The small village he lives in is called Keur Birima. In the Thies Region of Senegal, it consists of roughly five homes and 50 people. Oline said his host family has been the most influential aspect of his experience, comprising a host mom, dad, 10 siblings aged 16-37 years old, and an abundance of host nieces and nephews.
Oline said his host family only speaks the native language, Wolof, and that helped him learn it much faster.
“By month three I was conversationally fluent, by month four I had my first dream in Wolof, and now in March, the language barrier no longer exists,” Oline said.
He said besides the local language, he’s also learned an infinite number of demographic nuances, such as the proper way to cook the local food ceebu jen (rice and fish), how to birth lambs and transplant mango trees.
He said that the first couple of months living with strangers that speak a foreign language was exhausting, but now that the culture shock has subsided and he’s somewhat fluent in the language, he considers his host family to be his second family and compares his life in Senegal to his life in the U.S. He described his first week as thought-provoking.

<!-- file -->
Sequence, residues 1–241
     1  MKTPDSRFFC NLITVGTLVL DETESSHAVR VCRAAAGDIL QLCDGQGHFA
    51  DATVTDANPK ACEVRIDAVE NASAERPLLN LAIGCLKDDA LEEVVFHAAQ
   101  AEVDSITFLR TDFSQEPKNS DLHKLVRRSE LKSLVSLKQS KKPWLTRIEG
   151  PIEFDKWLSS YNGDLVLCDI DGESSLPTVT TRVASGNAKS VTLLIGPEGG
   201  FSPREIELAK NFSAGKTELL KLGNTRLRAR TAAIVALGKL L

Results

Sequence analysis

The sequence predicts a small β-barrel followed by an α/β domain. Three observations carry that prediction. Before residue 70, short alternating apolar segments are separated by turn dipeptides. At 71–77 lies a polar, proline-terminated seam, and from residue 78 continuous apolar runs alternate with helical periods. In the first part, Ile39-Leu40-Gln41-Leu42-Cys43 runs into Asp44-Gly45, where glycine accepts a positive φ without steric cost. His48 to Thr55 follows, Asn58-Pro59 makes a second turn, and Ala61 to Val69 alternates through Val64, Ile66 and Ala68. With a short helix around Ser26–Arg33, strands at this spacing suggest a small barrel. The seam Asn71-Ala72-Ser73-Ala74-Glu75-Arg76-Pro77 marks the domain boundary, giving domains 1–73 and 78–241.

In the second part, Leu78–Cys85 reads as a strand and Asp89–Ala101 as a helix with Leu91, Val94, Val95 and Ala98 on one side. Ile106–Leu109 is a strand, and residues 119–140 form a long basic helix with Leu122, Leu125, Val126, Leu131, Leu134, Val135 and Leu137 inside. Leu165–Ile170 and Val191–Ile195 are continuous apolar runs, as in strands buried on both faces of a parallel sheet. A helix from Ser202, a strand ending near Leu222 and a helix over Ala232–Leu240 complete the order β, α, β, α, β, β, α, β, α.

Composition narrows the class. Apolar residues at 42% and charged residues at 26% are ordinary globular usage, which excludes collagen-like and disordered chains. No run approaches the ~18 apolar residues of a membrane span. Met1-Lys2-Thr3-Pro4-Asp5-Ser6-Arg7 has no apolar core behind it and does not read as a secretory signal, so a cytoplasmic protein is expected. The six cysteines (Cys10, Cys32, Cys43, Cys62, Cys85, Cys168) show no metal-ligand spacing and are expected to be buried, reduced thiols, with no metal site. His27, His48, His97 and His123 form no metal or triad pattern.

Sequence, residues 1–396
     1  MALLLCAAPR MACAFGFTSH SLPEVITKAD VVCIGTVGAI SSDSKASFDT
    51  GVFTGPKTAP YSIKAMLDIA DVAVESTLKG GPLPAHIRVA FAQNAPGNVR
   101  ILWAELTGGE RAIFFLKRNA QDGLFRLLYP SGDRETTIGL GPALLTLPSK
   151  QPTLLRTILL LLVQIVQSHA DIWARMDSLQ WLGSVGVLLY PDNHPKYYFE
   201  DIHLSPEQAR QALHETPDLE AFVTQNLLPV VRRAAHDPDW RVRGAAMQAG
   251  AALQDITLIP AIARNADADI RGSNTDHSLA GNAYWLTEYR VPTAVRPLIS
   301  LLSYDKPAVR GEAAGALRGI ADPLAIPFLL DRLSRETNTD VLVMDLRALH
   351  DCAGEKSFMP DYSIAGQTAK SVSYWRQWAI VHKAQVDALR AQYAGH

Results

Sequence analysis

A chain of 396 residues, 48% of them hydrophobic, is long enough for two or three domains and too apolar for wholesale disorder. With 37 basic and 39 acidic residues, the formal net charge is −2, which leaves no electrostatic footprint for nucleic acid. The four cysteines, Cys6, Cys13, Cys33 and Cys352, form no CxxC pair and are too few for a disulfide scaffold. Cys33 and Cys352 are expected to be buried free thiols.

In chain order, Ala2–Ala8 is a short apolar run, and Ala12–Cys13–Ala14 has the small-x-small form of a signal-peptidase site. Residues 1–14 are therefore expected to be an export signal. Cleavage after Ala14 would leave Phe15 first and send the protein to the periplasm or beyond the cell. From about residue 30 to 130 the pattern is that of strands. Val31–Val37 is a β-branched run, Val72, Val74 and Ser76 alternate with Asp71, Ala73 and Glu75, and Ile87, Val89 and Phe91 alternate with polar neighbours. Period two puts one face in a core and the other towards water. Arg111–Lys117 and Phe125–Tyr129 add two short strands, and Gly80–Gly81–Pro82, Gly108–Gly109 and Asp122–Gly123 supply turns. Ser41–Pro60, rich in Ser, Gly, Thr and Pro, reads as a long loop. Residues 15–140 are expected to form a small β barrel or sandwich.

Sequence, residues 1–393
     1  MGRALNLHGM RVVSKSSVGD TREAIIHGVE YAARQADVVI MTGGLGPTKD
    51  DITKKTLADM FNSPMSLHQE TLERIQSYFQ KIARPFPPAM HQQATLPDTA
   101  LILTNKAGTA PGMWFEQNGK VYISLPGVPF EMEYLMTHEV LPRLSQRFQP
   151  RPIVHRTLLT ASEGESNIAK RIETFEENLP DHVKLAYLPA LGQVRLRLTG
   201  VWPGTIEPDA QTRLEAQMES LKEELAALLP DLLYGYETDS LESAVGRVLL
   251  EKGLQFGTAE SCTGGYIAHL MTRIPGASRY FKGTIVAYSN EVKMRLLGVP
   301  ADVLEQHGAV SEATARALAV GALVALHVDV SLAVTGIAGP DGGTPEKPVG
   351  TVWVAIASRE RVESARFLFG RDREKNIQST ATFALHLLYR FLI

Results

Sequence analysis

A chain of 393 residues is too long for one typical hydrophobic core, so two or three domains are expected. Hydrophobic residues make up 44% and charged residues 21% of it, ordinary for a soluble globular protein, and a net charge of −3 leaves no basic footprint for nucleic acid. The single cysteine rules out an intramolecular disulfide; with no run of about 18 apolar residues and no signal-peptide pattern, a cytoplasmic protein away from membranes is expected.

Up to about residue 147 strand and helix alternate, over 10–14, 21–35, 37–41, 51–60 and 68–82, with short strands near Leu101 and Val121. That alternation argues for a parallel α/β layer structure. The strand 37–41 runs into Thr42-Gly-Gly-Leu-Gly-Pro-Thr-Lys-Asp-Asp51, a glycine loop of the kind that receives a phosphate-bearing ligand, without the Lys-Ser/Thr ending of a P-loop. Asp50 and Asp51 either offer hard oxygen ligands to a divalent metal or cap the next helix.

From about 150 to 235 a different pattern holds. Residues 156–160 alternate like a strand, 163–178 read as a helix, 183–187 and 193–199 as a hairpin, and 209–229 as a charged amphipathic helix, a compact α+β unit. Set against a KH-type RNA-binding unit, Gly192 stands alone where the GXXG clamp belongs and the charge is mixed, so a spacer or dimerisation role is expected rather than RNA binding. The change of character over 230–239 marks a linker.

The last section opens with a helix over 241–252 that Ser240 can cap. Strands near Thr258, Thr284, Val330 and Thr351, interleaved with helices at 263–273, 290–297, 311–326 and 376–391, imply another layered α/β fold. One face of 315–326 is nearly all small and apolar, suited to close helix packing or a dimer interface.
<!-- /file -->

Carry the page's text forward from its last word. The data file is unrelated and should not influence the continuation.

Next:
“I think I learned more about myself, the world and everything in that week than all of high school,” Oline said.
His host family lives on a large farm where they grow everything from millet to hibiscus, and so most of his time is spent working alongside his host father and brothers. Oline said he cherishes the relationship with his host father.
“My favorite moments are when someone asks my host dad who is the random white guy hanging out with him,” Oline said. “My dad always has one response: ‘my son.’”
When he’s not working on the farm, he volunteers at the local high school in a neighboring village where he teaches English to students around his age. He said he’s made numerous friends that started out as his students. He also spends his free time cooking with his host mom and sisters, and working out in a makeshift gym with his host brothers that they built from scrap metal gathered around the farm. Physical fitness is important to the Senegalese, he said.
His meals are the same every day without change, except for special occasions. There’s bread for breakfast, ceebu jen and vegetables for lunch, and couscous for dinner. He said it’s taught him to be immensely grateful that we have so much variety and the daily option for meat in the U.S. But, above all else, this experience has humbled him.